“The first thing we did was to speak to the Gujarat Cooperative Milk Federation. No one understood why we needed to restore a film that was already on YouTube. We had to make them understand that the film needed to be on 4K resolution,” says Dungarpur. The Federation had deposited the original camera negative with the NFAI. When the FHF got its hands on it, it was in a bad shape. “The negative had green mold, the colours had faded and there were flicker problems. It was grainy and the prints were not complete. We had to match several copies to get what was the original edit of Shyam Benegal. Also, there was no sound negative. And since this film was dubbed, there were problems of sync as well,” recalls Dungarpur. And then began the year-and-a-half-long crazy journey of restoration, spanning from Chennai to Bologna in Italy.

The film elements underwent meticulous repair by FHF conservators. The scanning and digital clean-up was done at Prasad Lab in Chennai under the supervision of Bologna-based L’Immagine Ritrovata lab; the grading, sound restoration and mastering were also carried out in Bologna. When Shyam Benegal saw the complete film, he was ecstatic. “It’s even better than the original,” he told Dungarpur.

Back in the 1970s, the film had been shot in different stocks — Gevacolor, Eastman and Kodak. The negative was printed on to Orwo and Govind Nihalani, director of photography, was very unhappy with the final print. “He always maintained that what he had shot never came out. When he saw the restored version, he said this is what he had wanted the film to be,” recalls Dungarpur.

The film was part of the Cannes Classics sidebar. The screening was attended by actor Naseeruddin Shah, family of the late actress Smita Patil, daughter of Dr Verghese Kurien, producers of the film and Dungarpur. This was the Foundation’s third year at the event. Earlier, G Aravindan’s Malayalam masterpiece ‘Thamp’ (1978) was showcased in 2022 and Aribam Syam Sharma’s Manipuri-language film ‘Ishanou’ (1990) in 2023.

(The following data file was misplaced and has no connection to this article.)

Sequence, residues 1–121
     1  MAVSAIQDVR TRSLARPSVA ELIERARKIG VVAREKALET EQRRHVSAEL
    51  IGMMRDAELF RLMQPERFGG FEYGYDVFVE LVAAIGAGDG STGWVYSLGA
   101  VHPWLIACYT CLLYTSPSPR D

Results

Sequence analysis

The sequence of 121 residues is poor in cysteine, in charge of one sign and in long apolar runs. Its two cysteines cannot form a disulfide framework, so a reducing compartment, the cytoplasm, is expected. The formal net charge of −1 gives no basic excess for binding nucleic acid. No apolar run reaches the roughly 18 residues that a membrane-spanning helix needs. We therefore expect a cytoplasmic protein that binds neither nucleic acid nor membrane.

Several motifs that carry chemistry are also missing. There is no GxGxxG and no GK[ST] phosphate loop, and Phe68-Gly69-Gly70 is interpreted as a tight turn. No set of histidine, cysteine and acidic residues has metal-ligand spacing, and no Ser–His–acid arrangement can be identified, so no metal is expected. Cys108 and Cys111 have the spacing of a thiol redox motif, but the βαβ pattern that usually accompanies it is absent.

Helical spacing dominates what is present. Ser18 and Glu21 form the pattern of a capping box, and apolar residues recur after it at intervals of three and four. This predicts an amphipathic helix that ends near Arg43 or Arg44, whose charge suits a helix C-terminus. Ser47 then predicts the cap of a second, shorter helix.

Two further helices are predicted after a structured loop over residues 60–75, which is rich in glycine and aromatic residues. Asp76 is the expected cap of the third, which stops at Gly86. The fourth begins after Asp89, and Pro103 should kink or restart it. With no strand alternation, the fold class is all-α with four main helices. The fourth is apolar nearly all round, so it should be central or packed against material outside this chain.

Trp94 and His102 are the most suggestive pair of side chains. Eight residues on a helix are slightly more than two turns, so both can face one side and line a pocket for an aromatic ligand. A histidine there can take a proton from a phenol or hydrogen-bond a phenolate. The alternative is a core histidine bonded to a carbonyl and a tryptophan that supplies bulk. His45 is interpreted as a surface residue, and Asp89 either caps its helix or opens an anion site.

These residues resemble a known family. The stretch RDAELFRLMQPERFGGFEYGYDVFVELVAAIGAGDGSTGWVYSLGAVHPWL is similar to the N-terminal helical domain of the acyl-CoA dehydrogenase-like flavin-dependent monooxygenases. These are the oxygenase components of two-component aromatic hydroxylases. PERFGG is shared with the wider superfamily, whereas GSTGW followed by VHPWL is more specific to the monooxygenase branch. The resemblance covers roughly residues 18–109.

The FHF has been closely working on regional cinema — Manipuri, Kannada, Odia, Malayalam… “Because that is where the true colours and true essence of India are,” believes Dungarpur, for whom films are an important marker of the era that they have been made in. For him, it is equally important to take these restored films to the audiences.

Post-Covid, life was still struggling to normalise and cinema halls were running empty. “Mr Bachchan (also one of FHF’s donors) was turning 80 and we wanted to showcase his films. ‘Back to the Beginning’ was conceived and 12 of his films were taken to the theatres. What a phenomenon it became! People were thronging the theatres, dancing at songs. It was crazy,” Dungarpur says.

This was followed by festivals dedicated to Dilip Kumar and Dev Anand. A Raj Kapoor festival has been planned for the year-end. “Our effort is to bring more and more cinema back, to be able to reconnect with the public and ensure that what was once an important film is released in every part of India,” says Dungarpur. Over the weekend, ‘Manthan’ has been released in 50 cities and 100 cinemas across India.

At present, the FHF is working on Girish Kasaravalli ‘Ghatashraddha’ with Scorsese and George Lucas’ Hobson/Lucas Family Foundation, marking yet another step in the journey to save what could have been lost forever.